Tuesday, April 07, 2015

A to Z Challenge: Fianchetto

This month brings the A to Z Challenge, which I choose to meet with a series of words that thus far may have escaped your attention, and deservedly so. Today's word of limited use is

If you ever played chess, you know this word already. From the Italian word for flank, in chess it refers to moving one's bishop one square into the knight's column early in the game. If you look at the intersections b2, b7, g2 and g7, you'll see the pieces represented by mitres. Those are the bishops, and they have all been fianchettoed.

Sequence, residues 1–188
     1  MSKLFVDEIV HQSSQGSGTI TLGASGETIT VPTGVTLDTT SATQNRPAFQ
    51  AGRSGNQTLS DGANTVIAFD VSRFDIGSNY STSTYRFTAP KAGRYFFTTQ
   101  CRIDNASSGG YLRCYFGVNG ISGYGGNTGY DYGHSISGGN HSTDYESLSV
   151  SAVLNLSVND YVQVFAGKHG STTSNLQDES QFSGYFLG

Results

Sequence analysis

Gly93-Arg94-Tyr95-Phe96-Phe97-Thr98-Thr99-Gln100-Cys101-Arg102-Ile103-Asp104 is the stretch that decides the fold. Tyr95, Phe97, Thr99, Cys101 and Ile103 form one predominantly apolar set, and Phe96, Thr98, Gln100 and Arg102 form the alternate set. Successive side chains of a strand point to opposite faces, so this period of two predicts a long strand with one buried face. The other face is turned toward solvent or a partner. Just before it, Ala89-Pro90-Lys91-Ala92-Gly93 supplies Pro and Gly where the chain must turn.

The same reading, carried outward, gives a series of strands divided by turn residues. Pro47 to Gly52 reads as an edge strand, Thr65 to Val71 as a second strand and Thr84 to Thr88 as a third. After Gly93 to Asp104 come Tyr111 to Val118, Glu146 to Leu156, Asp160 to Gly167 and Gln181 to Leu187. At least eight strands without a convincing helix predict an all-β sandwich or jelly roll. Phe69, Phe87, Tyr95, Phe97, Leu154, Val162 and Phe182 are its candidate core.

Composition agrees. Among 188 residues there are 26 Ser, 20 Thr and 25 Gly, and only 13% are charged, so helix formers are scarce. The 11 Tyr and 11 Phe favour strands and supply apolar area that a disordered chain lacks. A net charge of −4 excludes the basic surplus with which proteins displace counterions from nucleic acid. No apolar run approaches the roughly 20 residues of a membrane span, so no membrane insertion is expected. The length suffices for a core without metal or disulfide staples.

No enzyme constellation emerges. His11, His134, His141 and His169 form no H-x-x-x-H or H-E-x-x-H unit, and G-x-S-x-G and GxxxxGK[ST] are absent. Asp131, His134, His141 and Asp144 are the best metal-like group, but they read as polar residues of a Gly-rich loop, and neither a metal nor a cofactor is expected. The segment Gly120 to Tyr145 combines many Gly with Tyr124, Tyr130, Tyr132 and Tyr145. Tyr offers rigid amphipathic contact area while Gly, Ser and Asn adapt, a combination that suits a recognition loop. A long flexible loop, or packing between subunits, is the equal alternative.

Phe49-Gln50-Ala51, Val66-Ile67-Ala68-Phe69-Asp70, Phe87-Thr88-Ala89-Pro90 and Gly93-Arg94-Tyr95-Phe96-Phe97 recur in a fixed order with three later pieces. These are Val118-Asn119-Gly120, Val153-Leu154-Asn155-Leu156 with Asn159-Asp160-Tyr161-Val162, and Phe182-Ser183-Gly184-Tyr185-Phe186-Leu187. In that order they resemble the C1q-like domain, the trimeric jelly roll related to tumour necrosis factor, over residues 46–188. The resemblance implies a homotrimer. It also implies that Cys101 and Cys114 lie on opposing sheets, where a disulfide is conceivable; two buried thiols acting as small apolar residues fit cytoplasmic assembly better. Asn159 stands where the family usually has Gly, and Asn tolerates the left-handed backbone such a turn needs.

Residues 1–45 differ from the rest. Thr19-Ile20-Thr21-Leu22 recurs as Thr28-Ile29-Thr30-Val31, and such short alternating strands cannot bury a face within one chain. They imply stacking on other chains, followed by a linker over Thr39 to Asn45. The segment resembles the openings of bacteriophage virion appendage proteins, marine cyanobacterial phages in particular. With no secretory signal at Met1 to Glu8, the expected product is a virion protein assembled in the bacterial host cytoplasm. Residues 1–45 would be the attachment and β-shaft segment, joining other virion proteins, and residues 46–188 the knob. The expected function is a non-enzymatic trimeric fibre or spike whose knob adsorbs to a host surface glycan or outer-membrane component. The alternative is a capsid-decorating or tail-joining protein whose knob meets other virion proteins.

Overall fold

If you never played chess, you can impress (maybe) a friend by pointing out a fianchettoed bishop as you pass by players in Harvard Square. Otherwise, never mind.


Alex J. Cavanaugh said...

I have played chess, but it's been a long time since I heard that word.

T. Powell Coltrin said...

I should claim the never mind, because i'm just embarrassing when I try to play Chess. Great word, though.


Michael G D'Agostino said...

I wonder what advantage fianchetting gives you?

Bob Sanchez said...

Michael, it gives a bishop the chance to control, or at least fight for, the long diagonal.

NAJ said...

My brother is playing chess and I don't. He'll be surprised I'll teach him something. Haha. Thanks for sharing this and thanks for dropping by in my blog!

Bob Sanchez said...

Just another public service, NAJ. You show your brother a thing or two.